FireEye

2014 GCN AWARDS

Cole guides agencies in next-gen cyber warfare

Tony Cole has been  immersed in cybersecurity since before it was an industry. In 2002, he retired after a 20-year career in the Army, where his last assignment was as technical operations manager for network security services at the Pentagon, responsible for overseeing security teams for the Pentagon backbone.

Cole spent the next 11 years in a number of cybersecurity firms, including Symantec and McAfee, where he began to see a troubling pattern: Many organizations were spending a lot of money on cybersecurity, but they still were being compromised. He joined FireEye in 2013 as vice president and global government CTO, where he acts as a liaison with governments, educating them about the new realities he’s observed on the cyber threat landscape and the need to move defenses beyond static detection.

“It was a pretty easy jump for me to come to FireEye,” Cole said. “There were changes taking place in cybersecurity, and I wanted to be part of it.”

The biggest change on the horizon was developing responses to a new generation of motivated hackers  and sophisticated cyberattacks. The old-style broadcast Internet attacks targeting widespread vulnerabilities were being supplemented by more targeted assaults using multi-vector attacks, against which the old defenses did not work.

But Cole was optimistic about defenses being developed against the new breed of attacks. “FireEye was doing something different,” Cole said. The new reality for high-value targets is that you will be compromised, and FireEye’s job is to detect the compromise as quickly as possible, isolate and remediate it, then minimize the impact.

Adversaries still use the old attacks, deploying the level of technology necessary to achieve a network compromise. The old attacks harvest low-hanging fruit, while more sophisticated attacks breach tougher targets. The result is that the average time to discovery for a compromise is 224 days. And 60 percent of the time, the victim is notified of the problem by a third party.

“We need to shrink that window,” Cole said. “We don’t advocate replacing signature-based tools. We integrate with that technology.” But different tools also are needed.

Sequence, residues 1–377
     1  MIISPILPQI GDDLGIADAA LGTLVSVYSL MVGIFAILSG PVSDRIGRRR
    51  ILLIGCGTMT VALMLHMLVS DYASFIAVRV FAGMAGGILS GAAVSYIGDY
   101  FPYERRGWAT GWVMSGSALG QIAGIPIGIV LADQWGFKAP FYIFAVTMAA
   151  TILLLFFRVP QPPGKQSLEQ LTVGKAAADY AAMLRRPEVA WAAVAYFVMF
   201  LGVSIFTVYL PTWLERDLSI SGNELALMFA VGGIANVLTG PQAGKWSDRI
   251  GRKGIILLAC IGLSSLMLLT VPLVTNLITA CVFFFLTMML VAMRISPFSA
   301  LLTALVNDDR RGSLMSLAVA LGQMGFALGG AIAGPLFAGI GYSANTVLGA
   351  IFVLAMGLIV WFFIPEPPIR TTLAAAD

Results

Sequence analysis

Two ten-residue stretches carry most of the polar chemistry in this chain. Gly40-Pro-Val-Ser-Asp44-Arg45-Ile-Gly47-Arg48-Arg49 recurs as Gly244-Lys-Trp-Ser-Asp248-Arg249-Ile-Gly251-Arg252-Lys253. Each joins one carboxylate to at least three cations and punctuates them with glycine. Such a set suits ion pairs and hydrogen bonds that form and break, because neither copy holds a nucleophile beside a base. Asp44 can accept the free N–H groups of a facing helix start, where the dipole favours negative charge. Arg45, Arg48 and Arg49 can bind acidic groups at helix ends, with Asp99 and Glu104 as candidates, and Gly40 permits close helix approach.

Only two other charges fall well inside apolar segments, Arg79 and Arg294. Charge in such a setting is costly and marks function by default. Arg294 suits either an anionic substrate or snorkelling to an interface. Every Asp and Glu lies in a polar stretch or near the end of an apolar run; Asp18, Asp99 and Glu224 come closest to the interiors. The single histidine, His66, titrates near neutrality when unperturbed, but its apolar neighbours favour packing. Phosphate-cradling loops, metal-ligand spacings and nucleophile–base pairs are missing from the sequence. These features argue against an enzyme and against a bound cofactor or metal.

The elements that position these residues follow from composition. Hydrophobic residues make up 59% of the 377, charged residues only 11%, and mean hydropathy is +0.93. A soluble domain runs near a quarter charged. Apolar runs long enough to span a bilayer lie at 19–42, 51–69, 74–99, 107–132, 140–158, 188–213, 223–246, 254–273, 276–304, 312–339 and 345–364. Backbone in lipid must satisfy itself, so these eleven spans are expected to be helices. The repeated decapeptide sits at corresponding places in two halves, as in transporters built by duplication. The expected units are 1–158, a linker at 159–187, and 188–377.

Some governments already are aware of the new world order and have responded, while others still are being brought up to speed, Cole said.

Among  the accomplishments he points to since joining FireEye are the company’s contributions to the Framework for Improving Critical Infrastructure Cybersecurity, released by the National Institute of Standards and Technology in February, the recent update of government cybersecurity controls in NIST’s Special Publication 800-53 and the State Department’s emerging strategy for cyber deterrence.

Because they are high-profile, high-value targets, governments often are aware of the threats they face and are early adopters of security technology. But at the same time they often are hampered by tight budgets and lengthy acquisition cycles that can keep them from adopting the tools they need as quickly as possible. Governments need more agile policies that will let them adapt to rapidly evolving threats, Cole said.

According to Cole, a good leader needs to understand not only what he knows, but also what he doesn’t know, so he has been filling the gaps, enabling him to have a greater impact with governments around the world. Cybersecurity is a 24-hour-a-day job, he said, which can encroach on personal and family time. But it also is an exciting job that keeps practitioners motivated. “We wouldn’t have it any other way.”

About the Author

William Jackson is a Maryland-based freelance writer.

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